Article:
When you look around a room of investors and cannot find anyone who is fearful, you need to be fearful.

Fear in 2009 and Greed in 2015

Fear in 2009 and Greed in 2015

We have finally moved from fear to greed.  Nobody is worried about recessions.  Builders are building. Contractors are busy, and bids are going up.  Commercial and residential property prices are going up.  Interest rates are low.  To do deals today, you have to either lower your margins or increase risk or bet more on the future than the present.  Up it goes until it blows.

fear and greed 3

And the Winner is Parking and Playa Vista

Plentiful Parking at the Reserve in Playa Vista

Plentiful Parking at the Reserve in Playa Vista


Playa Vista had plenty of large blocks of space at relatively affordable rates and parking .  In an expansion, large blocks of space are hard to find, and tech employers found it in Downtown Los Angeles.   In Los Angeles, parking for employees is also hard to find.  Downtown Los Angeles, Santa Monica, Culver City, and Hollywood have or will soon have transit but not plentiful parking.  At the moment, Los Angeles is a City of drivers.  Playa Vista landlords can accommodate 4 cars per 1000 square feet.  That was a winner.  You can read more on Playa Vista in the article below.


Playa Vista turning into Silicon Valley South as tech firms move in – LA Times.

Pioneering and Gentrification


Highland Park Renters Protest Gentrification

Highland Park Renters Protest Gentrification

PMI has been involved in many investments in improving neighborhoods. This includes Santa Monica in the early 90s, Venice and Culver City in the mid 90s, and SOMA in the mid 2000s. In most cases, we invested in creative offices in improving areas after recessions.  Those offices were filled with companies that  brought jobs. We took obsolete warehouses and turned them into productive offices bringing in jobs And most people in the community thought that was a good thing.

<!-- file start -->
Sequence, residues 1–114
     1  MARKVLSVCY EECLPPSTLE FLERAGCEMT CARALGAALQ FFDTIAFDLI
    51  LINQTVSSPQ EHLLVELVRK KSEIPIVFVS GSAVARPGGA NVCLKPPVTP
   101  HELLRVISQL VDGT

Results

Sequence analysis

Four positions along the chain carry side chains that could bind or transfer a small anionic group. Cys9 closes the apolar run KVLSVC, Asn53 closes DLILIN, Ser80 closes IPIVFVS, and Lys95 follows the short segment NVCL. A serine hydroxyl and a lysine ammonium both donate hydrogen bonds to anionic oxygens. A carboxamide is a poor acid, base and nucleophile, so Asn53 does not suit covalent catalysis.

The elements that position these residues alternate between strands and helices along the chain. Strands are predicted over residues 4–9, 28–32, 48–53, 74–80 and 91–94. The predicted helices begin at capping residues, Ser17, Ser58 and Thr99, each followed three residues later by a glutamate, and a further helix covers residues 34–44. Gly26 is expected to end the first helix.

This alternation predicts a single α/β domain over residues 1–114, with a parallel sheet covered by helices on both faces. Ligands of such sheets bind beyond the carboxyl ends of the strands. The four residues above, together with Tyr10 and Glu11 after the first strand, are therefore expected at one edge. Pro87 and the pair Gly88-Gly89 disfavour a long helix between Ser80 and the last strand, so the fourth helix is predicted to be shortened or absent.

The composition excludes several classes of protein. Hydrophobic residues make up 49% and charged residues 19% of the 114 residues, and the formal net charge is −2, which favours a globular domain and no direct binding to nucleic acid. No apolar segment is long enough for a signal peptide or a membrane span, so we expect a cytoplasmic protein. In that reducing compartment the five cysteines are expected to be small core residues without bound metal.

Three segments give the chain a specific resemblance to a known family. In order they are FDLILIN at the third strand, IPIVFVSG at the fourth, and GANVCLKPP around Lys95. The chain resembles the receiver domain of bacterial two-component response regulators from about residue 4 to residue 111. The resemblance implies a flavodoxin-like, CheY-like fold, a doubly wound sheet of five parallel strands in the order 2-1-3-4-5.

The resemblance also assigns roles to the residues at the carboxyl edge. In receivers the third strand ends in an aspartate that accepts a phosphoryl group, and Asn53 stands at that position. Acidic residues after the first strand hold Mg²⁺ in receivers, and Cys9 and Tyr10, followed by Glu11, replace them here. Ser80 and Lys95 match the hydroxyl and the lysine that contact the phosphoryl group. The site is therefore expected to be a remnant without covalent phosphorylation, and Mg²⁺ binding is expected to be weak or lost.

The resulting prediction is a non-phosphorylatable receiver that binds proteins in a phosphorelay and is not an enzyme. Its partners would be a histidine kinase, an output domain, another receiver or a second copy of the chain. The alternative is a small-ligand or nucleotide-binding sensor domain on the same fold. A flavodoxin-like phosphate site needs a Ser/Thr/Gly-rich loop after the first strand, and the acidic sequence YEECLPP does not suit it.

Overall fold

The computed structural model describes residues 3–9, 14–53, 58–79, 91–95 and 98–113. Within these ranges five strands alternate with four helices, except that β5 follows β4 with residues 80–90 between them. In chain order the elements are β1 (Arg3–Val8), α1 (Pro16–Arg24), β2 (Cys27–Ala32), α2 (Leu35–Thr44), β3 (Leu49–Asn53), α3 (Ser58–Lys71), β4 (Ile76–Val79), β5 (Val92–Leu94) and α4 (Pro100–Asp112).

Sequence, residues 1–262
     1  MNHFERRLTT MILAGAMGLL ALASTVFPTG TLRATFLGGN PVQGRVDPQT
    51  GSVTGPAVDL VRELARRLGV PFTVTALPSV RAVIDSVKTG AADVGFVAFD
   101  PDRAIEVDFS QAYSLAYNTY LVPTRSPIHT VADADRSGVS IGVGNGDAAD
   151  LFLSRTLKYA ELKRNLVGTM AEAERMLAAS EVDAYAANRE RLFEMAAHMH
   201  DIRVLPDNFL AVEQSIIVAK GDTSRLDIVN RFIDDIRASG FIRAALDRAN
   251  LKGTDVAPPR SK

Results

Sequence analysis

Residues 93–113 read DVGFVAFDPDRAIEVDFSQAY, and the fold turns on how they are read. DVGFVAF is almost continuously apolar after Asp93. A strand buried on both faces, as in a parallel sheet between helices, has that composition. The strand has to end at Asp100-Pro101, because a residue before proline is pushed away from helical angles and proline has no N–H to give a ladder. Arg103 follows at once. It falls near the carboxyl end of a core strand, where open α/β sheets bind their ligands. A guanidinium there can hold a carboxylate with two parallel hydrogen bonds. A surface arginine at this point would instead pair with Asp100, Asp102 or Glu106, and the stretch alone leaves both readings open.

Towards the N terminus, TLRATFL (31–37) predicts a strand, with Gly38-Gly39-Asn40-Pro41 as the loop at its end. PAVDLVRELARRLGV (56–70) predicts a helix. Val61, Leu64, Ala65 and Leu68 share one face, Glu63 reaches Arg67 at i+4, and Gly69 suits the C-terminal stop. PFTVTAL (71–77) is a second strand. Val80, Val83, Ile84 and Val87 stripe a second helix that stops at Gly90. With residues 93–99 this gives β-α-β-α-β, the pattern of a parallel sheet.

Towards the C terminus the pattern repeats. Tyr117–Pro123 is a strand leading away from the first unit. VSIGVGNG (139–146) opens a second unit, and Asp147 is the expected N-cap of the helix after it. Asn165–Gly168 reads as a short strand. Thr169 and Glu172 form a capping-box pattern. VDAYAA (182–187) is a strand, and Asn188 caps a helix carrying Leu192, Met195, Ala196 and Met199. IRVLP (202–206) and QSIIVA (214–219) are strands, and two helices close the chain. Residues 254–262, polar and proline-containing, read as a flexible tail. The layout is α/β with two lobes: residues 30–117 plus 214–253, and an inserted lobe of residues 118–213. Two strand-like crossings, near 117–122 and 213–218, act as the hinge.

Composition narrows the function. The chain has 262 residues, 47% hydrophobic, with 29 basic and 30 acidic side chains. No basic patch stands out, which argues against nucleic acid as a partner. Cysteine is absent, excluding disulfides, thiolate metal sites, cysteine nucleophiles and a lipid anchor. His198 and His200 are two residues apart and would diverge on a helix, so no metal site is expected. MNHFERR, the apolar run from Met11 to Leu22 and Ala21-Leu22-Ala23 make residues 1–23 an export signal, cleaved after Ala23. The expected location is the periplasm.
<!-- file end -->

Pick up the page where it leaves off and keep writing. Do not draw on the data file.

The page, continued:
We are now investing in Northeast LA and taking obsolete run down apartments and turning them into renovated creative apartments. We are helping improve the neighborhood. However, not every one in the community thinks this is a good thing. Lower income renters feel they are being displaced and pushed out of their neighborhood.   This was true of Venice in Los Angeles, Chelsea and Harlem in New York, and the Mission District in San Francisco.  Now it is happening in Northeast Los Angeles and specifically in Highland Park.  Recently, renters held protests against gentrification.  An apartment building that we are substantially  renovating was one of the properties cited by the protestors as displacing the original tenants.  We must now work to soften the impact of gentrification for this constituency.  You can read some of the issues in the Los Angeles Times Article below.

Highland Park renters feel the squeeze of gentrification – LA Times.

Open Plans Get Push Back

Open plans promote collaboration.  However it is critical to have the right mix of open and private spaces.  Some employees cannot function in open spaces.  Some need to be on the phone or in conferences.  Even those who can work well in an open plan will still need a private space for conferences.  Some open plans may not be providing the right mix of public/ private spaces.   Our experience would show that there be at least one private space per 1000 square feet, and this ratio should be increased for a density above 5 employees per 1000 square feet.

Who Moved My Cube? – HBR.

PMI Creative Space Helps San Francisco Sharethrough Be Voted One of the Best Places to Work